- We think hopes for CHIPS for America is fading fast
- Politics, Jan 6th, guns, inflation, partisanship will likely block it
- Alternative to building US semis is knocking down China chips
- The only political option may be more restrictions on China
Chips for America act seems drowned out by partisan screaming
We have been saying, for some time now, that the odds of passing a compromise version of Chips for America has been fading. It seems like that probability is fading fast as we close in on both summer vacation and the fall elections. There has been a non-stop flow of large news items that have taken up everyone’s mindshare and especially those in the government.
Between Ukraine, guns, January 6th hearings and inflation…not to mention the stock market….the news flow is overwhelming.
The partisan divide has grown much wider than ever with total lack of cooperation that gets worse as the prospect of a change in control gets closer.
Cars are getting built even the Ford F150 lightning
One of the main things that got legislators attention is when the car industry ground to a halt due to lack of chips. That is not longer the case, America can get its beloved F150 and even the electric version (although at a huge premium over sticker).
So the issue that brought chips to the forefront of American minds has faded quickly. I can only imagine someone bringing up the semiconductor issue in the halls of Congress being laughed at and told the problems over because I can now buy a car.
As inflation moves to center stage spending money looks bad
Spending money on a problem that seems to no longer exist is likely not popular. The semiconductor industry may be fading back into the woodwork where it came from. Spending $52B right now seems far fetched. We had our moment in the sun and blew it.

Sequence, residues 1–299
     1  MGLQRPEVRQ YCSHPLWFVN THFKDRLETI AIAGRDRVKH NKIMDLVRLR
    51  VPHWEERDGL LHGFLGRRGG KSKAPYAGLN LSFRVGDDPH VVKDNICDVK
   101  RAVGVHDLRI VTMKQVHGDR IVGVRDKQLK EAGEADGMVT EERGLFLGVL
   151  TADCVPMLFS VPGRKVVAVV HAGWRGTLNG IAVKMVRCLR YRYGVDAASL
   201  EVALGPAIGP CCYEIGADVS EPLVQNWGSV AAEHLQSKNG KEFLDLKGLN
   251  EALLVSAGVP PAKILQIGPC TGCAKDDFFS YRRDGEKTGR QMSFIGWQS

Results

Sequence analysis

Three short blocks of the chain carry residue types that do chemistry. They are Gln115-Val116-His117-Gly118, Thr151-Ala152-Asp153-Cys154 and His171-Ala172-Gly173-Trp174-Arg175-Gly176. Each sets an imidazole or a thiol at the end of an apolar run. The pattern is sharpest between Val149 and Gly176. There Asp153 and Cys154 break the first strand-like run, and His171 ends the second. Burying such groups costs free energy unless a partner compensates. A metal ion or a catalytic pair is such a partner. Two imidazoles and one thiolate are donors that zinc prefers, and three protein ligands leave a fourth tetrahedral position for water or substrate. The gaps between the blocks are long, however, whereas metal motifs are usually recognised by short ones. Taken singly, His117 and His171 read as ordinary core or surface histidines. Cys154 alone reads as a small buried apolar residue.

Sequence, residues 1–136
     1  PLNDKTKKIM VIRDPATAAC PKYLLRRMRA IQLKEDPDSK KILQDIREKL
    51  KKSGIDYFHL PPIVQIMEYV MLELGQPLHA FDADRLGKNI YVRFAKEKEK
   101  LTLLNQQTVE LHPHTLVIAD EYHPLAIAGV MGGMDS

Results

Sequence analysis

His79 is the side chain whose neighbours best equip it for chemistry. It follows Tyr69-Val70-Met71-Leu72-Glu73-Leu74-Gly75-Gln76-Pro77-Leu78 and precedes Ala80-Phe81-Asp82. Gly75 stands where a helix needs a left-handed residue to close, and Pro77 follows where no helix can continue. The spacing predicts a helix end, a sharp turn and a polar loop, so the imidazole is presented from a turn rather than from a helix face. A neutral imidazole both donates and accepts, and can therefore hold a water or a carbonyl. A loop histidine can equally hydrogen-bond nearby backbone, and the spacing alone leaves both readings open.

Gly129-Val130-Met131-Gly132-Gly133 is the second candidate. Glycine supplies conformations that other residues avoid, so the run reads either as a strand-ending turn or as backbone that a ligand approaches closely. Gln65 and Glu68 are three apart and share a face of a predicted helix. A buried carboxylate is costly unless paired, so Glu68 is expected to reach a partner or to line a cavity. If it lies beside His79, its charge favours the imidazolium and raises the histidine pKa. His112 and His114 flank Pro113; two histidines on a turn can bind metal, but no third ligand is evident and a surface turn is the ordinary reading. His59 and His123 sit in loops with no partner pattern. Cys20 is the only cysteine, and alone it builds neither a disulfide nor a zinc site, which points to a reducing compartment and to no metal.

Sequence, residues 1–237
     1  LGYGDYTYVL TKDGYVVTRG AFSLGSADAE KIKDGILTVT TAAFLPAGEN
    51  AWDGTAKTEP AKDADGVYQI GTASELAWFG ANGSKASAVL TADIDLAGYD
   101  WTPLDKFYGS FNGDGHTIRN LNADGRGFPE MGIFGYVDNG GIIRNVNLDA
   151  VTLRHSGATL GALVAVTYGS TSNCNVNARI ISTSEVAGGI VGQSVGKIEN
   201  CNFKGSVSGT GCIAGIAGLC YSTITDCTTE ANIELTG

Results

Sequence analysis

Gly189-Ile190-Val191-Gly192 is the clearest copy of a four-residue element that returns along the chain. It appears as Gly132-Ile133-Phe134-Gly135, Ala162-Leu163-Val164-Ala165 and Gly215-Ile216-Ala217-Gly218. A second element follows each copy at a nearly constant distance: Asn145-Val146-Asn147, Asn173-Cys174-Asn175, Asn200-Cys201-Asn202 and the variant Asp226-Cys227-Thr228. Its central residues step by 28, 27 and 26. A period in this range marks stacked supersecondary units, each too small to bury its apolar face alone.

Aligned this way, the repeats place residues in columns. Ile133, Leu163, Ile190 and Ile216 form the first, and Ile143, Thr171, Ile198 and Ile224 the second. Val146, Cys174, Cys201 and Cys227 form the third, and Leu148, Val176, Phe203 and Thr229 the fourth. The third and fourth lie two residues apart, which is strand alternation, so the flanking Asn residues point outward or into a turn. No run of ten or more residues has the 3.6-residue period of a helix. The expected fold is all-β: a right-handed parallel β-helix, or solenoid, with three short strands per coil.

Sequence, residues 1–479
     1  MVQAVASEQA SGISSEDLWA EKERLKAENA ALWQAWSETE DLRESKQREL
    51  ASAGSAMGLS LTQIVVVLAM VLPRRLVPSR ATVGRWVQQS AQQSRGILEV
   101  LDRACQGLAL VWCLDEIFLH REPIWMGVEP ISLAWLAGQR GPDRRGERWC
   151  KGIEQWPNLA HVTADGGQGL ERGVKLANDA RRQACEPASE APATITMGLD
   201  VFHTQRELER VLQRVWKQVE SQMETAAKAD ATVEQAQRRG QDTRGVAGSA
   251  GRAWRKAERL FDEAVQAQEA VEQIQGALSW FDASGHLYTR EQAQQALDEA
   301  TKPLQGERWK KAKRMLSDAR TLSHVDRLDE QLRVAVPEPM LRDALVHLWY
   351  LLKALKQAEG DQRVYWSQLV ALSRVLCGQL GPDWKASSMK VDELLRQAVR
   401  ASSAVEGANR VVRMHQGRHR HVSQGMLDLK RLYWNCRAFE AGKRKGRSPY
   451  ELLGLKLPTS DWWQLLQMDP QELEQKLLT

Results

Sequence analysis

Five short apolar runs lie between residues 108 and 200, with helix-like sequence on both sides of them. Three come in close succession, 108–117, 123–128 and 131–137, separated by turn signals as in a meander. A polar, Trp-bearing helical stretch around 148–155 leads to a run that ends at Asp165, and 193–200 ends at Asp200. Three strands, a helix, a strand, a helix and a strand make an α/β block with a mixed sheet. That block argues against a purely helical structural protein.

Anti China sentiment still exists and may be worse
Meanwhile the Taiwan strait is still a parade of US and Chinese Navy ships and the provocations are worse than ever. It certainly doesn’t help when a Chinese official calls for the seizing of TSMC in the public media. Something I am sure is in China’s minds but would never be so bold as to publicly suggest.
Top Economist Urges China to Seize TSMC If US Ramps Up Sanctions
Obviously China could never seize TSMC as it would be a hollow prize. Within a week, operations would cease due to lack of critical support of the entire tool infrastructure industry much as we saw already happen in China with Fujian Jinhua which stole trade secrets from Micron. So threats of seizure are themselves hollow.
This all amounts to an interesting stand off reminiscent of mythology of Tantalus.
Rather than pump up US chips, knock down China Chips
While Chips for America may be dead or dying the concern about China remains. If you can’t keep the US ahead in the Chip industry by throwing a paltry amount of money at it then the next best alternative is to knock down the Chinese chip industry instead to accomplish a similar goal.
Sanctions and embargoes don’t cost money that would cause an unpopular partisan fight in Congress. Both Republicans and Democrats are concerned about China and it will likely be much easier to compromise on something that doesn’t cost money, especially in inflation in a critical election year…sanctions.
Semiconductor sanctions in China- A cheap compromise?
Slapping further sanctions on China is likely to be more palatable to legislators and voters. It doesn’t cost money and will hurt China where it hurts most…in semiconductors.
Russian auto manufacturers have had to go back to stone age cars due to the lack of chips so its very clear evidence that chip sanctions work very well for zero money.